Eventually, you’ll get to a point where meals take you about 20-30 minutes to eat and you can feel what your stomach is telling you. Maybe you’ll get to the 20 minute mark and find yourself totally satisfied already. You aren’t obliged to eat the rest of the meal.
By focusing on just one meal where you have no distractions, you can zero-in on what it feels like to eat slowly. You can start noticing things like:
- When do I feel full?
- How does the smell, taste, and texture of the food make me feel?
- How does my body feel when I eat this?
Here are a few strategies you can use to force yourself to slow down while you’re eating:
- Put your fork down between every mouthful
- Stop for a sip of water between bites
- Count how many times you chew. Aim for 20-30 times per mouthful. Use more if you need to
- Stop to smell the food and to notice things like taste, texture, and how it makes you feel
- Go somewhere peaceful and put away distractions like your phone if you can
- Use a timer and put it somewhere you can see it while you eat
Try some of those strategies while you’re eating. You may be surprised at what you notice.
Once you’ve done this with a distraction-free meal, you can start applying it elsewhere like when you’re out with friends, eating dinner with a client, at a dinner party, or any place where you might be eating while distracted.
If you’re in a group setting, you can do a few things to slow down your eating. For example:
- Eat slower than the slowest eater at the table. Make a game out of it. Can you finish your meal after they finish theirs?
- Put your fork down between every mouthful and take in what’s around you. Try to connect with the people you’re with.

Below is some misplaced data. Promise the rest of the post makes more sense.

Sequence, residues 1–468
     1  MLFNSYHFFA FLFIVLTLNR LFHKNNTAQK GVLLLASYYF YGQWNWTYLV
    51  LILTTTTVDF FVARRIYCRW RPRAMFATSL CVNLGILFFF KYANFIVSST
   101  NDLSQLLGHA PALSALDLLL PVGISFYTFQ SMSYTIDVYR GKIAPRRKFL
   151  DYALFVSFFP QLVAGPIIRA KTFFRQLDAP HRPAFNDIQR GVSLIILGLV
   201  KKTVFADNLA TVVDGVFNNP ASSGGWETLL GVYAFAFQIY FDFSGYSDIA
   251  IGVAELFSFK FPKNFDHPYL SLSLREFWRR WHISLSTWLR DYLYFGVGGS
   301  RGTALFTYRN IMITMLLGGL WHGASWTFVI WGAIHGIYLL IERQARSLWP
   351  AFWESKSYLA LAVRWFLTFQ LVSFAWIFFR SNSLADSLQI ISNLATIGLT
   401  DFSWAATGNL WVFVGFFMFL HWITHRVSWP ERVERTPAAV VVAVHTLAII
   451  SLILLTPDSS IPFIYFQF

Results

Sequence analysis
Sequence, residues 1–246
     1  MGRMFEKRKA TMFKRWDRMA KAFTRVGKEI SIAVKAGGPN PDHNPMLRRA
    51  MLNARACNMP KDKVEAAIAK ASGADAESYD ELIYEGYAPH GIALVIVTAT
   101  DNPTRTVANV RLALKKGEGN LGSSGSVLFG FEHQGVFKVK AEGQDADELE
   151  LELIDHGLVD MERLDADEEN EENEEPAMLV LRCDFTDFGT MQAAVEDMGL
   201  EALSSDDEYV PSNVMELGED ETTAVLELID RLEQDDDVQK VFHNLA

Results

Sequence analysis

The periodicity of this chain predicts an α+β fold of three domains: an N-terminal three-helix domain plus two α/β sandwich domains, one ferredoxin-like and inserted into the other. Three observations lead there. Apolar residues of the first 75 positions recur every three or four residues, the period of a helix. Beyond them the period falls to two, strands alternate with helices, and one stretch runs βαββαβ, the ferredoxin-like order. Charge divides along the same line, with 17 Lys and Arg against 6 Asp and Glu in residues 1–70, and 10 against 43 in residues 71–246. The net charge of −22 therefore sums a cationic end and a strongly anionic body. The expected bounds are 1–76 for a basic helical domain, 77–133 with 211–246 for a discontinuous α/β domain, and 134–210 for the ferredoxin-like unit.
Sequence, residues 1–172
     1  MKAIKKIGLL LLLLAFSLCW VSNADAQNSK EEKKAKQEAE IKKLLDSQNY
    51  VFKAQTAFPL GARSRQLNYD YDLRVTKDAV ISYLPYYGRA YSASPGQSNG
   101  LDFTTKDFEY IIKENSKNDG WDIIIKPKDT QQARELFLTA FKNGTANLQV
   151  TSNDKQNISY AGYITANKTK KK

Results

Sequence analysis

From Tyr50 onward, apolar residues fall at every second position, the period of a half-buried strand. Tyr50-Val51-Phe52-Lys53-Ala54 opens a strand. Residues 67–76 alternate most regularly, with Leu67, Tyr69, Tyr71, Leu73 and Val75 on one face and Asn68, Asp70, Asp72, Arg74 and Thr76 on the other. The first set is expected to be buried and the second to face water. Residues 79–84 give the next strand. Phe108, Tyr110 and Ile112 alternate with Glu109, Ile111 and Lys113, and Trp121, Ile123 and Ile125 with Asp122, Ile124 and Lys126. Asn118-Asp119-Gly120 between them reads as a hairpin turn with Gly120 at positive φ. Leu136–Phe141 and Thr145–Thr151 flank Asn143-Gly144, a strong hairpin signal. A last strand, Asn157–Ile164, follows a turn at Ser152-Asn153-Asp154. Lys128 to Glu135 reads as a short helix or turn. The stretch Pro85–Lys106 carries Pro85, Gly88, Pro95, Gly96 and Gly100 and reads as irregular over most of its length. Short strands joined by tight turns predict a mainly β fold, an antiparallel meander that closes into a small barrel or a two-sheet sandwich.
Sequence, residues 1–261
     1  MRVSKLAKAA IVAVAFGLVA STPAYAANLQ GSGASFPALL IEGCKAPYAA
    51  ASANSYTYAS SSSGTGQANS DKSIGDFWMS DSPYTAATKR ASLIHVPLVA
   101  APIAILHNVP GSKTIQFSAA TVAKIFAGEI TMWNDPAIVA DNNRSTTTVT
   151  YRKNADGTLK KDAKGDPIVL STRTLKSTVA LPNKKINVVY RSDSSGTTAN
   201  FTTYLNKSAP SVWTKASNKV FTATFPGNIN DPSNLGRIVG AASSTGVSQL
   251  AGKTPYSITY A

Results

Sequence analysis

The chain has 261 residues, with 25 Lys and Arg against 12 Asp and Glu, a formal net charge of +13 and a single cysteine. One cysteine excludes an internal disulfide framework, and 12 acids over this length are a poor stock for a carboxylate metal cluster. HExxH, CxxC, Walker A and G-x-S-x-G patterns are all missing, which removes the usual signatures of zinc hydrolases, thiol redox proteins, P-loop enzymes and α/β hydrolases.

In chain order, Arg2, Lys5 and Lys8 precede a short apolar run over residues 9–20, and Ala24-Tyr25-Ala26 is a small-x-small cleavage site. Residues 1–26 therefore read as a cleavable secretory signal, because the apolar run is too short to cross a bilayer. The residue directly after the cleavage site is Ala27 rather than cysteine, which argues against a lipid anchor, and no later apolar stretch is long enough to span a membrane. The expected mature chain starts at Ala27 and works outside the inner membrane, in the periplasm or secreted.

- Focus on having an engaging conversation. If you’re talking, it’s hard to be eating at the same time. Use the good company around you to slow down your pace.
Learning slow eating is tough. You’ll get distracted and forget about it many times.
That’s natural. Don’t let those times discourage you.
Keep reminding yourself that you’re only ever one meal (or one mouthful, really) away from getting back on track and slowing down. Remember this whenever you can and stay positive.
Now, slow eating alone may or may not help you to lose weight. But if we add in one more piece, you’ll end up with a dirt simple, guaranteed weight-loss prescription no matter what or where you’re eating.
The Simplest, Most Effective Weight Loss Prescription
Now that you’ve learned how to eat slowly and you’re gaining the benefits, let’s maximize things so that you can lose fat and maintain it for the rest of your life.
Ready for this?
Stop eating your meal when you feel 80% full.
Even if there’s food on the plate. You don’t have to finish it. Pack it up and save it for later.
By stopping at 80% full, you’ll be putting your body is in an energy deficit so it has to lose weight. Eating this way, along with a sensible diet and consistent exercise will help you burn fat and feel light and lean throughout the day.
That’s it. That’s all you have to do. No matter what you’re eating or where you are. Eat your meals slowly and stop eating when you’re 80% full.
And if your goal is to maintain weight, stop at 100%. If you want to gain weight, fill up to about 120%.
The secret to this is being patient and persistent. It takes some time to gain the self-awareness to do it. Don’t give up. You’ll make a mess of things many times before you get it right but once you do, you’re set for life.
What’s the Next Step?
Here’s my challenge to you:
For the next two weeks, make this your nutritional priority above. See if you can make eating slowly and stopping at 80% full into a habit. You might not notice drastic changes in just two weeks but you’ll be building one of the foundational habits of a healthy diet and start to feel a lot better as well.
I like to lift heavy weights, write about fitness, motivation, and psychology, and coach people to achieve their fitness goals.
When I’m not doing that I’m most likely at home cooking, playing board games with friends, or curled up with a book.
He also keeps his own blog over at www.francisnitsch.com